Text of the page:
Lene Berg, Marcus Coates, Anja Dornieden & Juan David González Monroy, Ines Doujak, Coco Fusco, Jos de Gruyter and Harald Thys, Pierre Huyghe, Louise Lawler, Damián Ortega, Nagisa Oshima, Erik Steinbrecher, Rosemarie Trockel, Klaus Weber, and Frederick Wiseman.
Contributions and collaboration: Cord Riechelmann and Christophe Boesch
Curators: Anselm Franke and Hila Peleg
The exhibition Ape Culture presents artworks and documents that wittily observe the relationship between humans and other primates.
As a figure poised on the threshold between humans and animals, since antiquity the ape has played a central role in the story of how civilization has "progressed". What was initially a means for Western humanity to define itself has become a test case for how human "nature" might be constructed anew - something that is uncharted territory where subconscious and unconscious notions of social order are revealed.
Ape Culture investigates the hegemonic and subversive potential of how apes are represented and reflects upon the term "culture." In the exhibition, artists such as Ines Doujak, Pierre Huyghe, and Klaus Weber critically examine images of the "great apes" and their role in what Donna Haraway has termed the "primate order." In addition, material taken from the natural sciences and popular culture illustrates how the way we perceive our closest relatives has changed radically. This is exemplified by Frederick Wiseman's 1974 film "Primate," an observation of the daily routine at Yerkes Primate Research Center in Atlanta. While on the surface the film documents the studies carried out by the center into apes' capacity for learning, ability to remember, and sexual behavior, at a deeper level the film scrutinizes and challenges what science actually does: "One set of primates who have power, using it against another who haven't," as the British film critic Derek Malcolm put it. Coco Fusco's "Observations of Predation in Humans: A Lecture by Dr. Zira, Animal Psychologist," which will be shown as a film throughout the exhibition and performed live by the artist in early July, is based on the legendary female chimpanzee Dr. Zira from the film series "Planet of the Apes." After twenty years of research in seclusion, Dr. Zira returns to the public sphere to present her assessment of the special characteristics of human aggression in the twenty-first century.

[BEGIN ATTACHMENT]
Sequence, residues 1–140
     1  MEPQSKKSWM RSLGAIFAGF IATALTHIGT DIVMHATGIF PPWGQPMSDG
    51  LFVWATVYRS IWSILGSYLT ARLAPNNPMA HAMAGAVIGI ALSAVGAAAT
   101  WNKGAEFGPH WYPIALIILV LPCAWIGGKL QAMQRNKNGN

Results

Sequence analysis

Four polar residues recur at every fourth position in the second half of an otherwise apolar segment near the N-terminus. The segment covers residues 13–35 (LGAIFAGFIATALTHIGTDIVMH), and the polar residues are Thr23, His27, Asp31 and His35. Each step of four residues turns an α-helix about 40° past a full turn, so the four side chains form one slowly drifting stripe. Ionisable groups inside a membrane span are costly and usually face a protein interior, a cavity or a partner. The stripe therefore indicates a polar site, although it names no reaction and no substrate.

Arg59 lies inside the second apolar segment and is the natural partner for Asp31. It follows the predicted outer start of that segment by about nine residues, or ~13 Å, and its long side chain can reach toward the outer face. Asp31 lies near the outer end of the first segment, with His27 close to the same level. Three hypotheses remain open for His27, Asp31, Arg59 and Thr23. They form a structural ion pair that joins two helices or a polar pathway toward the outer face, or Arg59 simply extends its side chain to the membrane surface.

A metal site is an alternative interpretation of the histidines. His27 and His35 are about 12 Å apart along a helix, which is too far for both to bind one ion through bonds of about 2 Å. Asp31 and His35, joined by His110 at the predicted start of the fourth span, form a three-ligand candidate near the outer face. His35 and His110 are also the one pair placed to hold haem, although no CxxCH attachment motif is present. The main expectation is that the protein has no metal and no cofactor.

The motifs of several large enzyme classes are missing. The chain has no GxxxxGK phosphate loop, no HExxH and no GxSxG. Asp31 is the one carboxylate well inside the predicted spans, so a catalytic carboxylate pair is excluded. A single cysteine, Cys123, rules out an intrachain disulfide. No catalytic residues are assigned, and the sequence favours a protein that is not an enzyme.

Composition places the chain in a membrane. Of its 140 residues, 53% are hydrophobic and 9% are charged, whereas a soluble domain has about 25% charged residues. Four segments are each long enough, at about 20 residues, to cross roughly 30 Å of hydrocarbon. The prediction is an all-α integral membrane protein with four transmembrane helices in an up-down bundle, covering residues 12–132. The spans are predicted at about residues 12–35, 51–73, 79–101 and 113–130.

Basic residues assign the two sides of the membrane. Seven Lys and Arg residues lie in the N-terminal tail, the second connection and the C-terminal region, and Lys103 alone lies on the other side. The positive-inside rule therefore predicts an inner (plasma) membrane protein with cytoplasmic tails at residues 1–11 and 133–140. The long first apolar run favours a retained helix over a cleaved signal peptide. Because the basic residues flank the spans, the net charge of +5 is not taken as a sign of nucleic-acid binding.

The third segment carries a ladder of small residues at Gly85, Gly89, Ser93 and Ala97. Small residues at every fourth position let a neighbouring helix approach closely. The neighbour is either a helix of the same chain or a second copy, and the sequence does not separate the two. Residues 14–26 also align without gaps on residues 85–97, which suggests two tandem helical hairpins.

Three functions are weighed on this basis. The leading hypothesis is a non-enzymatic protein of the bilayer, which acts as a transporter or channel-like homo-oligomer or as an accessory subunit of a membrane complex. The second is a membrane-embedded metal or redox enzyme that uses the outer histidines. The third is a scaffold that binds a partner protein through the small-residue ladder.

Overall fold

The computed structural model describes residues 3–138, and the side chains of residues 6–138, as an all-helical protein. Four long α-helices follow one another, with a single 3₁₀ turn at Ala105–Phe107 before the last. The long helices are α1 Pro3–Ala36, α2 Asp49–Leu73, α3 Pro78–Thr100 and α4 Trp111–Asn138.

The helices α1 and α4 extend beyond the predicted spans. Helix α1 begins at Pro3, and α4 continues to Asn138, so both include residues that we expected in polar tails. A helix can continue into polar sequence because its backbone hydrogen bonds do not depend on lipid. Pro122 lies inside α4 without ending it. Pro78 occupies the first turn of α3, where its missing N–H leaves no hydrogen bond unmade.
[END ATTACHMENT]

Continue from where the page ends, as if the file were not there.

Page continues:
Artist talk: 30th April 2015 Relating to Apes - a system of degrees
In the pursuit of defining what is human, the ape presents us with a complex and compelling comparison. Marcus Coates worked with Primatologist Volker Sommer to negotiate and devise a comparative framework. Using examples of past work, performance and recordings of his recent discussions with Sommer, Coates will discuss his own relational research and the collaboration behind the new work - Degreecoordinates for Ape Culture.
Workplace Gallery is a contemporary art gallery run by artists.
Based in Gateshead UK, Workplace Gallery represents a portfolio of emerging and established artists through the gallery programme, curatorial projects and international art fairs.